5. Haslam Tax Plan Would Secure Funds for Road, Infrastructure Projects -

NASHVILLE – Memphis legislators are weighing Gov. Bill Haslam’s proposal to raise fuel taxes and slightly cut the grocery tax, while assessing the impact on local governments of a Hall income tax reduction and a major business tax reduction that is proposed.

6. Memphis Lawmaker: Junk Food Bill Would Bully the Poor -

State Rep. Joe Towns Jr. of Memphis isn’t surprised that Rep. Sheila Butt dropped her bill limiting “junk food” for food stamp recipients.

“She should because she’s lost her damn mind,” Towns, a Memphis Democrat, said Tuesday. “How are you going to put out a bill to tell people what they can and can’t eat?”

7. Memphian One of Two Females Appointed to Key Clerk Roles in Legislature -

They don’t get much press, but they are making history for women working with the General Assembly.

Murfreesboro resident Tammy Letzler is the first female to serve as chief clerk of either house of the General Assembly, following the trailblazing path of House Speaker Beth Harwell. And Memphis native Kim Cox is serving this session as assistant chief clerk, making her the first African-American female to take that role.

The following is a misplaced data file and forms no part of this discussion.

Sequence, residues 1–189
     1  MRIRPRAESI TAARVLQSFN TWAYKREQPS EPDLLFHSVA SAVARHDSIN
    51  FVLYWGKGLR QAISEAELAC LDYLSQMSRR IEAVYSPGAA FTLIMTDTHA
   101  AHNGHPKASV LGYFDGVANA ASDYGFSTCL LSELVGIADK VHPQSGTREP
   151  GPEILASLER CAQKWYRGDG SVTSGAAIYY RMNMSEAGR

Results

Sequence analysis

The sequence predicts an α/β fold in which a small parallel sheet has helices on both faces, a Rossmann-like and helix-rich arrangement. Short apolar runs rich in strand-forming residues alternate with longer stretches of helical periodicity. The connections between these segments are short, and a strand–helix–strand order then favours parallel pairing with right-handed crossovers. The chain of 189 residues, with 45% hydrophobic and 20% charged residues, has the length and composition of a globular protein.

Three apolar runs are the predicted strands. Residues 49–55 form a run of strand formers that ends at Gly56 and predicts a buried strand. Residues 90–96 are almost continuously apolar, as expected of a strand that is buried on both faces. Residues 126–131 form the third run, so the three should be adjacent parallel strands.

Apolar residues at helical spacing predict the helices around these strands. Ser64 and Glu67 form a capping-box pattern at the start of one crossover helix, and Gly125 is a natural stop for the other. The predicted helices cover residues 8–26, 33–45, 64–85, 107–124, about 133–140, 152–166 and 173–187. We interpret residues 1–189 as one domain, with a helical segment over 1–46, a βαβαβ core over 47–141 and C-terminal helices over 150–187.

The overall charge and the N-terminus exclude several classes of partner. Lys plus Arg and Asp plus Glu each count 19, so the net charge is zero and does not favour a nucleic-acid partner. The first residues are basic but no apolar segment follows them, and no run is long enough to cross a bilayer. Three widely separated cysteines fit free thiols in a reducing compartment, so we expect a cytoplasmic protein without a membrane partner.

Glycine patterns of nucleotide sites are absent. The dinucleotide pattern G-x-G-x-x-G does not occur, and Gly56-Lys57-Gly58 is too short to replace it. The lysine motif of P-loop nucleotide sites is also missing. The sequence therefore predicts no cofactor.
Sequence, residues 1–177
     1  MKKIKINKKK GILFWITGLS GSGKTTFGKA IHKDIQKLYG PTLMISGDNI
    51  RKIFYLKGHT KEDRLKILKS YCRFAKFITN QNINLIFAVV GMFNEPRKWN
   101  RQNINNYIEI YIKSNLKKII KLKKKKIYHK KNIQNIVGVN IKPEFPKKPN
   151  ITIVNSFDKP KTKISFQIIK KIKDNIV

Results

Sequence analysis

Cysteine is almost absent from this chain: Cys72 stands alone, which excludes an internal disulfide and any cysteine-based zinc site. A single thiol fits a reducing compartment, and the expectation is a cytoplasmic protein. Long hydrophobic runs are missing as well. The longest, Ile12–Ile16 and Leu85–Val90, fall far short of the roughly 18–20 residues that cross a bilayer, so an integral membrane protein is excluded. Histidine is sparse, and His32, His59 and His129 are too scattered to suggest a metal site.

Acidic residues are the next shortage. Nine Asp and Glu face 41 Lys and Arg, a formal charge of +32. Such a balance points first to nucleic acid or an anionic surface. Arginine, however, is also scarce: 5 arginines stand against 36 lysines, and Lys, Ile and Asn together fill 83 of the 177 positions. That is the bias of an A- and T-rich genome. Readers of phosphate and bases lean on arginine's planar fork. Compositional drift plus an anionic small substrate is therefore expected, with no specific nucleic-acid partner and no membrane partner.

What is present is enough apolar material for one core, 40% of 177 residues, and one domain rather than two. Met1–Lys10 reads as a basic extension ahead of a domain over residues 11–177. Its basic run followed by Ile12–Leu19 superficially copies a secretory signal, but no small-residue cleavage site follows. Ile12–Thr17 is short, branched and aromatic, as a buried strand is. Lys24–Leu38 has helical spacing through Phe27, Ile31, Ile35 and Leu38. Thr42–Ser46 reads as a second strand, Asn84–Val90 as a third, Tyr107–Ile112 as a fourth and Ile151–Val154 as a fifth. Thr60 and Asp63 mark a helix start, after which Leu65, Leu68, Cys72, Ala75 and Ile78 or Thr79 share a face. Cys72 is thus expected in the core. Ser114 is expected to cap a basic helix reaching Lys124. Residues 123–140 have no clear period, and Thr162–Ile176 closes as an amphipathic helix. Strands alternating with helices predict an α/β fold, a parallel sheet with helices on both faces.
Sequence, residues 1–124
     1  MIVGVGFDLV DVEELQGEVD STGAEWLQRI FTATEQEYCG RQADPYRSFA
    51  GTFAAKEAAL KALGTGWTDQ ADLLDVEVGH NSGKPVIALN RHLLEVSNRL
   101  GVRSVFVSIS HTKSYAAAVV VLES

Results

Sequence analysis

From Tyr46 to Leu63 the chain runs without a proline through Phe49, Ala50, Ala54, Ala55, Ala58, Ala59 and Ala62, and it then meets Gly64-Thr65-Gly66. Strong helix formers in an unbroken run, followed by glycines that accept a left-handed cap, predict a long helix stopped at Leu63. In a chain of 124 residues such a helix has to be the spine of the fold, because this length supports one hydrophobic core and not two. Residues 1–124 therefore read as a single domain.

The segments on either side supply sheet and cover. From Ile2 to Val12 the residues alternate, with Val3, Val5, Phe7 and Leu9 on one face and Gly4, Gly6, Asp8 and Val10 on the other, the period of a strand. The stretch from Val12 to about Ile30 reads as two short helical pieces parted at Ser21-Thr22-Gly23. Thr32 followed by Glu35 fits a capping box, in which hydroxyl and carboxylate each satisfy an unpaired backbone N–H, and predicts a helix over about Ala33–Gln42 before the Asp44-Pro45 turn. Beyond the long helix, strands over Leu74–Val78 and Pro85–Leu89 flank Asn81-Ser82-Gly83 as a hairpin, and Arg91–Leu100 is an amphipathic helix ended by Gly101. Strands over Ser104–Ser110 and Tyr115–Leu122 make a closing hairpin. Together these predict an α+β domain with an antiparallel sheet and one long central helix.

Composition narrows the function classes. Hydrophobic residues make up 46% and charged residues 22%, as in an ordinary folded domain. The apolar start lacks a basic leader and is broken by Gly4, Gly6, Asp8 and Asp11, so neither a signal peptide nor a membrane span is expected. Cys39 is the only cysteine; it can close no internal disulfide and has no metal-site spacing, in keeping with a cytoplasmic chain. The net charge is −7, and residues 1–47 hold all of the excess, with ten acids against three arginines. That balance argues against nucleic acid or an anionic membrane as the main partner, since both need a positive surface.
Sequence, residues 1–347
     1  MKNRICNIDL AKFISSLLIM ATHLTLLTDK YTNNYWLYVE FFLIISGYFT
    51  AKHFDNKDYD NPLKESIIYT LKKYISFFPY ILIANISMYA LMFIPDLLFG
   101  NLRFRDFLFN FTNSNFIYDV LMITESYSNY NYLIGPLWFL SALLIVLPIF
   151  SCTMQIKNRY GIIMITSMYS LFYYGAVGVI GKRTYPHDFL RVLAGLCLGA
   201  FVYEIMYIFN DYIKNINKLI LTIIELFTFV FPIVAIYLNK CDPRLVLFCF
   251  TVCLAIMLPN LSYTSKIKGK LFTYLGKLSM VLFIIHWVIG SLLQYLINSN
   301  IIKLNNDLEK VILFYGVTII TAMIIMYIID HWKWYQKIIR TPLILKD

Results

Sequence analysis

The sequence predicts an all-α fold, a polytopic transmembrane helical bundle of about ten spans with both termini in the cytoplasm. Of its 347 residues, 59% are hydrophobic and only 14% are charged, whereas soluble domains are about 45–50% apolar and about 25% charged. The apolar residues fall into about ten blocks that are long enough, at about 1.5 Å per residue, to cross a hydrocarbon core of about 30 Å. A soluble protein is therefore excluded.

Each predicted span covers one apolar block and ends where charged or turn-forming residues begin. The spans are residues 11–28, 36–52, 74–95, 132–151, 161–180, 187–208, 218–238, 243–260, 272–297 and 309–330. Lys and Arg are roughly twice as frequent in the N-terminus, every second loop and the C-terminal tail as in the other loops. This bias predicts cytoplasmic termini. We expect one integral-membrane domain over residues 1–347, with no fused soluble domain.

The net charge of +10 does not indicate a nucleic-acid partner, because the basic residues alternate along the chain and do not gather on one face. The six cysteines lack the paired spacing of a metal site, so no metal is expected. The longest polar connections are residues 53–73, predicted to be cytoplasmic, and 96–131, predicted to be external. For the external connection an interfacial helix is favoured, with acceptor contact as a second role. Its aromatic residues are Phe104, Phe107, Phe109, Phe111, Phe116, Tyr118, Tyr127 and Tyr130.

8. Last Word: Valero Protest Arrests, Anticipating Trump's Impact & Saving Booksellers -

A busy King holiday weekend that reflects what the week as a whole will probably be like at least politically. The weather is anyone’s guess. A group of about 40 people protested at the entrance to the Valero refinery in South Memphis Monday afternoon and a dozen were arrested by Memphis police.